When the college admissions scandal blew up this spring, I wasn’t surprised. I can see this happening where we live, these people are so primed for it. All the money, time and sweat equity they have poured into their offspring, they aren’t settling for anything less than Penn State. The ones that want Ivy Leagues pay for college coaches, they’ve all spent at least a year’s tuition on the prep before they receive their admissions letters.

Back to the ceremony…there was the obligatory photo montage featuring a small collection of photos for each student. A guarantee for tears is what it is…pictures of babies morphing into high school kids on a continuous loop until the ceremony begins. My brain went through a total recall of my daughter’s childhood. It extended into the known parts of her friends, past and present.

There were times when I felt like I knew too much…that girl is on anxiety meds, that one is struggling with her sexual orientation, another was once a close friend until she wasn’t, that kid’s dad has cancer, his parents are separated, divorce, divorce, affair, those 4 kids each lost a parent (one dad died 7 weeks ago, heart attack), the boy who has been in a wheelchair since he was two, the blind kid who has the same birthday as my daughter…..my heart broke a million times yesterday knowing some of their struggles. And while, I am still somewhat involved in the district, I don’t know everything. Each one of those kids is struggling with something, regardless of the awards, perfect hair or blatant talent, privilege can’t take away every obstacle in life.

Last night there was a party at the school for the kids. It had a theme because of course it did. I can barely remember a time when parties didn’t have a theme, barbaric. The theme last night was Aloha High School. Some moms came up with theme related activities. Decorations included grass skirts around the basketball hoops. These parents are EXTRA, they go all out. There were at least 8 different activity stations all with Hawaiian flair – hot potato, scooter hockey, volley ball, an inflatable obstacle course, limbo, hula hoops, and my personal station Flip Flop Flippin.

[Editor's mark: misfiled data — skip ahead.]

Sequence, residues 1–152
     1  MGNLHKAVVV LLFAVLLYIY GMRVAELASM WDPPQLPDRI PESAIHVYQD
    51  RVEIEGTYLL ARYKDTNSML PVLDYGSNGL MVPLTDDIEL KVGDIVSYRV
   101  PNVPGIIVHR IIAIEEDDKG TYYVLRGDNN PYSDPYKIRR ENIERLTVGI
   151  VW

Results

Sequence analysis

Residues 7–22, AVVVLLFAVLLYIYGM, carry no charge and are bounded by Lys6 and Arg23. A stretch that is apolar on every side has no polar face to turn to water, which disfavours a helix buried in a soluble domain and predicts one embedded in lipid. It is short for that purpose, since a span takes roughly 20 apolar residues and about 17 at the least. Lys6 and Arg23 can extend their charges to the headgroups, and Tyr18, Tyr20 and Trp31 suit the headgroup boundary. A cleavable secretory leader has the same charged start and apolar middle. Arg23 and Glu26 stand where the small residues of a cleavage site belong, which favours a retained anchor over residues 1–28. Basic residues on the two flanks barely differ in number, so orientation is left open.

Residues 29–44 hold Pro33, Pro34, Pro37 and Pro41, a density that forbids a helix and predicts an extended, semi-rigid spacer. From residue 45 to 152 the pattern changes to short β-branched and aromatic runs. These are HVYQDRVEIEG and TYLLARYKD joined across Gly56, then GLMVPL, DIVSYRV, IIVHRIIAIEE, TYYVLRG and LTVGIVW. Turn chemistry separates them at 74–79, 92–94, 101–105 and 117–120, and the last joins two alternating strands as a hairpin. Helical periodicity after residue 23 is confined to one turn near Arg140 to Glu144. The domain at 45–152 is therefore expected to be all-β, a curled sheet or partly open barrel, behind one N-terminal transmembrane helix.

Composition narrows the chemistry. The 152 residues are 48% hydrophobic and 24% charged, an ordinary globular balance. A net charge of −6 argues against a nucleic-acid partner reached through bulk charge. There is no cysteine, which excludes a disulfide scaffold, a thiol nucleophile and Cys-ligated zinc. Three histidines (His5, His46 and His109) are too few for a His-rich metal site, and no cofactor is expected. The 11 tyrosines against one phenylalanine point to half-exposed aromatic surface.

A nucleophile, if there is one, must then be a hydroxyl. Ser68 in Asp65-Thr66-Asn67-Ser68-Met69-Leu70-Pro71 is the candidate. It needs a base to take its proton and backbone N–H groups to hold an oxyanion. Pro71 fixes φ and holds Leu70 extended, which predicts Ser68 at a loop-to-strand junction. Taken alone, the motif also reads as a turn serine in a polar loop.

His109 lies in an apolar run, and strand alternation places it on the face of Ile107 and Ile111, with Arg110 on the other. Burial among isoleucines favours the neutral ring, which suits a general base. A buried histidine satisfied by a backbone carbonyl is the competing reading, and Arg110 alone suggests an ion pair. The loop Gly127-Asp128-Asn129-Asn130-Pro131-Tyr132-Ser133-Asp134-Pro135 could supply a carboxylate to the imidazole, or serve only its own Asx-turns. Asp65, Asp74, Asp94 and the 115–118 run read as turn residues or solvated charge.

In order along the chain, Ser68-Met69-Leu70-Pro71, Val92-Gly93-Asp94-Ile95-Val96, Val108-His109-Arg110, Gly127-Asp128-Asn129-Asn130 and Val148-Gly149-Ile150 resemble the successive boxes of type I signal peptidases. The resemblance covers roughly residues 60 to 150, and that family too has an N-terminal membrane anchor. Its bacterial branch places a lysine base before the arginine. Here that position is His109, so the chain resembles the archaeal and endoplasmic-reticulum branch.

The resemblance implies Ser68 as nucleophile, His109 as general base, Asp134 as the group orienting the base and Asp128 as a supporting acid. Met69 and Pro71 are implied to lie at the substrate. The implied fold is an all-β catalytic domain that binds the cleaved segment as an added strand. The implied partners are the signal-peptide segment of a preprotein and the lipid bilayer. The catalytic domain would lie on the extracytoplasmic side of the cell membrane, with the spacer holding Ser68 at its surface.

Flip Flop Flippin or FFF as it is known on the street, features two elevated hula hoops and flip flops. The goal is to flip a flip flop off your foot through one of the hoops. Yeah, sounds easy, in reality, not so much. It’s easier to do with a heavier shoe, I know this now, I know it deep in my sole (typo intentional, calm down grammar nerds). I had maybe five customers in 2 hours.

Midway through the party,  I went over to assist at the inflatable obstacle course. Actually, I wandered over to chat with a mom friend, she soon put me to work. Before I knew it was the inflatable course warden yelling at boys to stop grabbing each other’s ankles as they attempted to climb the slide. I yelled to the point where my throat hurt and some dudes got black listed from the course. I have without a doubt destroyed my daughter’s chances of dating any of those guys, mission accomplished.